Weekly Intentions: Creativity
I recently devoured Elizabeth Gilbert's new book "Big Magic: Creative Living Beyond Fear." It really has so many unique ideas and helped me realize where I'm letting perfectionism or fear run the show. There's also power from creating simply for the pleasure of it. Everything I create doesn't have to be (and won't be) perfect! Creativity has been a big part of my whole life, and luckily, I've been able to reconnect to it through creating this blog, my business, and in my personal life.
I love setting personal intentions for myself during my week or during my yoga practice. Here's the process I use for setting intentions (and why I choose intentions over New Year's resolutions).
Creativity is our life force. We are all creators in our own unique way, simply by being alive.
As a child, I was always reading and writing stories or poems about made-up worlds. I would create games or play for hours with my sisters or our friends - or my personal favorite was creating dances to go along with Backstreet Boys or NSync songs (Bye, Bye, Bye). We could keep ourselves entertained for hours as kids. This creativity was simply what we did - there was no pressure on ourselves to do it "perfectly" or to make money from it or because we "had" to. We were bored and wanted to have fun, so we created.
As adults, our innate creativity often becomes blocked because we put a lot of pressure and expectations on ourselves to aim for perfection. We don't want to do art because we like it - we want to be perfect at it. We don't want to sing unless we're actually "good" at it. We don't want to share our writing until it's carefully edited and crafted. For those of us with blogs or businesses, you can spend your life reading articles on online marketing talking about creating the "best" content instead of actually sitting down to write, podcast, or share.
We compare ourselves to others, and stop doing what we love. Take a moment to think back to what you LOVED to do as a child. Often, we can find signs of our favorite activities now from our childhood. For me, I've always loved to read and write. Did you love to draw or color or dance or sing as a child? Do it now. It doesn't matter if you're 'good' at it or not. Do it because you enjoy it.
That's how you'll get the benefits of creativity - the pleasure and joy from simply creating.
Sure, it may not always feel "easy" to write, draw, or be creative, but it doesn't have to be a painful process.
You don't have to turn your creativity into a full-time gig or be the best at it to be creative.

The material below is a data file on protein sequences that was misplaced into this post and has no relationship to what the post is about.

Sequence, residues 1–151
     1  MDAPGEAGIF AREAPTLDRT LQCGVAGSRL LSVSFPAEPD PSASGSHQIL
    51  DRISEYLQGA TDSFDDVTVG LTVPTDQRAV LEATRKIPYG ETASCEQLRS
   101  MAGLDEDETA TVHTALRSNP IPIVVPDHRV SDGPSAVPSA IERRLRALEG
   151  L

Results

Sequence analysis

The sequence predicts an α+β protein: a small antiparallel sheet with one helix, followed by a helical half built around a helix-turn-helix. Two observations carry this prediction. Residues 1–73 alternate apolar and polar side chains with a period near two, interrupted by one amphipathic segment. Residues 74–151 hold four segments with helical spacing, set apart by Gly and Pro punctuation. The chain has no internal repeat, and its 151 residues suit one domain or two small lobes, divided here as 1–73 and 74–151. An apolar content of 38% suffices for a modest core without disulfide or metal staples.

All you have to do is create.
You ARE creative. Start to believe it.
By engaging in creativity, you can enter a 'flow' state of your brain. It can become a meditative-like state. For me, it happens sometimes when writing or practicing yoga or dancing. It doesn't happen always, but it's so freeing and joyful when it does. I often get some of my best ideas when I'm creating as well. I could be on my yoga mat and get an idea for a blogpost, and when I sit down to write, the words just flow out of me.
Getting creative allows ideas to flow, and you can experience pleasure (that many times people seek out using food).
Take the pressure and perfectionism out of creativity, and do it for the joy.
If you want to use these weekly intentions with me, you could explore CREATIVITY in a few different ways:
- Journal about creativity. Ask yourself what things did you love to do as a child. Where do you feel creative? How does creativity feel in your mind and body?
- Do something creative. No need to set goals or expectations on it. Just do it. Turn on music, and let your body dance or sing. Pick up an coloring book (not just for kids). Sketch or draw. Write. Journal. Notice how it feels to just do it for the fun of it.
- Try something new. Get out, and do something new like a painting class - I keep seeing those wine & paint classes pop up. Or a different movement class like hip-hop dance or ballet. Or karaoke!
- Get creative in the kitchen. Ditch the recipe, and play in your kitchen! This is my favorite. Go to the grocery store, or browse your own kitchen to create a new concoction. I bet you can come up with some pretty yummy. Even if it's terrible, you may still have fun creating and playing in the kitchen.
I'd love to hear from you now in the comments:
- How are you going to use the intention of CREATIVITY in your life this week?